Meghan Oliver didn’t always want to be a teacher. But her passion for wildlife and experience working with wild birds and recommending books to children helped her realize that teaching was a perfect fit.

Her career path, she said, has been “anything but linear.”When Meghan graduated from college with the dream of pursuing journalism, “The field started to change,” she recalled. "Newspaper jobs were hard to come by, things went online.” And, she added, sitting at a desk all day was mentally painful.

During her time as a journalist, though, she met many people who were extremely happy in their work. They seemed to be able to be completely engaged and in the moment at work, something she struggled with. Engaged and in the moment was what she wanted from her career. “That was important,” she said.

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Becoming a teacher isn’t as simple as passing a test (and we’re glad it’s not!), but there is one test you simply have to pass: the Praxis Core. People ask us a lot of questions about this infamous standardized test: What is it? Why do I have to take it? What do I do if I don’t pass? Although nothing but studying can help you pass the test, there are a few basics that are good to understand.

What is the Praxis Core?

The Praxis Core (formerly known as simply “ Praxis I”) is a basic skills test all aspiring teachers in New Hampshire and most other states in the U.S., including the territories of Guam, the U.S. Virgin Islands, Northern Mariana Islands and American Samoa (fun fact!), must pass in order to earn certification. There are three components: Reading, writing and math. You must pass all three in order to be fully admitted to UVEI’s teacher certification program.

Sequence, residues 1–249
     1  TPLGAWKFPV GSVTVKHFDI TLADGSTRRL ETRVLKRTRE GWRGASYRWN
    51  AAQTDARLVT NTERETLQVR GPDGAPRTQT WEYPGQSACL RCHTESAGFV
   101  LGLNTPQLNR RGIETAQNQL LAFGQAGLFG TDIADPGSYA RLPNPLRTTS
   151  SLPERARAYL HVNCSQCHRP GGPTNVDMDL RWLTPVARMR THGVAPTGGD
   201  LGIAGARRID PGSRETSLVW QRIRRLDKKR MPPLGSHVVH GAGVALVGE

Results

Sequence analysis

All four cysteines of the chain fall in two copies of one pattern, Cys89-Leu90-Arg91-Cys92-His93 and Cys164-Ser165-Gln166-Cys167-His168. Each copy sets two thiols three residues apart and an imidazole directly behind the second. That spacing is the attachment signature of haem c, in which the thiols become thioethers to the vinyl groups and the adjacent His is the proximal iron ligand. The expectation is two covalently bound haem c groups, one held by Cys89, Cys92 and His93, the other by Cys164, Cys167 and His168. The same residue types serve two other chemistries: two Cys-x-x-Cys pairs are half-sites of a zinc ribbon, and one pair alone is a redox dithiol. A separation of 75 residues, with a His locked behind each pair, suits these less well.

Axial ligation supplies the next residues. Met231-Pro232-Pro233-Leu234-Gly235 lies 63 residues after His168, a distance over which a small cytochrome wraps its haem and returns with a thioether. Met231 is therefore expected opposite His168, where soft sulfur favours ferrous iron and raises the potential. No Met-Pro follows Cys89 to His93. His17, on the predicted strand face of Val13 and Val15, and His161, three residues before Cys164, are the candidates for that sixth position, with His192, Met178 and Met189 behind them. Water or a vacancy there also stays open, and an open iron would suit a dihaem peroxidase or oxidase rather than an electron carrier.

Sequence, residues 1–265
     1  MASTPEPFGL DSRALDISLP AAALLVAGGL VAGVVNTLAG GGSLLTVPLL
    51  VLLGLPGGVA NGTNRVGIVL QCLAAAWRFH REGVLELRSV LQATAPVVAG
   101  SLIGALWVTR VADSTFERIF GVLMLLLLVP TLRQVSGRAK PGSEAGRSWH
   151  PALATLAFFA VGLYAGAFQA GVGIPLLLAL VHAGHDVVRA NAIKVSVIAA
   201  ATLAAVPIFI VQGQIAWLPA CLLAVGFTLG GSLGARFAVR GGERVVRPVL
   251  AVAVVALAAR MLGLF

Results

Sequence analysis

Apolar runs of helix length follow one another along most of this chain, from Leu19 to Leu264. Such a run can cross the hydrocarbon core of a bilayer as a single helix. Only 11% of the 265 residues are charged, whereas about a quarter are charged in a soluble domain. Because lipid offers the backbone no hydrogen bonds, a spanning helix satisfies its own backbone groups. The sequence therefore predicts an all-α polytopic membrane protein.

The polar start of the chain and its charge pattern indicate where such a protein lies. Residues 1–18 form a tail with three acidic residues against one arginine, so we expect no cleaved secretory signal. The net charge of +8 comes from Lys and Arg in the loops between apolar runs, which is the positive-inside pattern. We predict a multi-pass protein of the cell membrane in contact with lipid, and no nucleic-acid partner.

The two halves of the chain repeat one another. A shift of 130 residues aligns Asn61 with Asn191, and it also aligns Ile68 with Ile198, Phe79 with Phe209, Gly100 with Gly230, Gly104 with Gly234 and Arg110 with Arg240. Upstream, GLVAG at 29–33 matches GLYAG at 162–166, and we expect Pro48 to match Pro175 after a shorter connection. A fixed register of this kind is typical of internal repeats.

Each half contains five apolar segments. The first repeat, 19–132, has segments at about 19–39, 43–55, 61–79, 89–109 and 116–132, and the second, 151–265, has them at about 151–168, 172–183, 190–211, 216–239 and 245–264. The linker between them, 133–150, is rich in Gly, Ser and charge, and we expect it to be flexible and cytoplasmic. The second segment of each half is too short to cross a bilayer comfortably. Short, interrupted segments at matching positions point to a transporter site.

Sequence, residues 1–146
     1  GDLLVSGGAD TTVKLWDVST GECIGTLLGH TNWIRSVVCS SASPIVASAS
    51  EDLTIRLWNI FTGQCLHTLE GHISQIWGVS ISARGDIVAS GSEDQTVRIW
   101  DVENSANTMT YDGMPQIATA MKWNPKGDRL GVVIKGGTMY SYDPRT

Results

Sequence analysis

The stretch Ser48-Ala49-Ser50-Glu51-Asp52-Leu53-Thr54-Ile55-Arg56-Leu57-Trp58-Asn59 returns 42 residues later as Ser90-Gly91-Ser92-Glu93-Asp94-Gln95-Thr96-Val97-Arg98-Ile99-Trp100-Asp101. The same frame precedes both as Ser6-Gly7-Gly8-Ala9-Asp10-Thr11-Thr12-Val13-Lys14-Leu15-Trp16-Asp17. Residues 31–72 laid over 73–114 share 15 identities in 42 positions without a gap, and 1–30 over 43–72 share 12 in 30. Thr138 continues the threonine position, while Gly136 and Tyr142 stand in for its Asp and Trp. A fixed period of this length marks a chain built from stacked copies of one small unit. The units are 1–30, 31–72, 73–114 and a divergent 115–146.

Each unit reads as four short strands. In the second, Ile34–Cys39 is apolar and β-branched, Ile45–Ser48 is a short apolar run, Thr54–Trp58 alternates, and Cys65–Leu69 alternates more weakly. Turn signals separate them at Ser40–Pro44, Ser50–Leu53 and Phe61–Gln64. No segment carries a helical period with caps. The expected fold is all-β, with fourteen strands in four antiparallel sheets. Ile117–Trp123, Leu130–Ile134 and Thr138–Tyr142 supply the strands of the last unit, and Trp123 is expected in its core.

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You’ve always thought about teaching. You have a career right now that’s, well, fine, but teaching has always been in the back of your mind. The appeal of teaching is not hard to imagine: teaching makes a difference in kids’ lives. Sounds cliche? It’s not.  

But it’s natural to worry about what such a career change can mean for you and your family. It can seem unrealistic or risky. If you want to quit your job to pursue teaching, but you’re afraid of the unknowns, here are a few pieces of advice.

Acknowledge That Your Current Job Doesn’t Bring You Joy

Although American workers are happier than they have been in years, many still struggle to find joy and meaning in work. It’s not uncommon to begin a career (or a second or third) and realize a few years later that it’s just not the kind of work that will sustain you over time. Although making a change can seem daunting and scary, the scarier choice is staying in a job that doesn’t bring you happiness.

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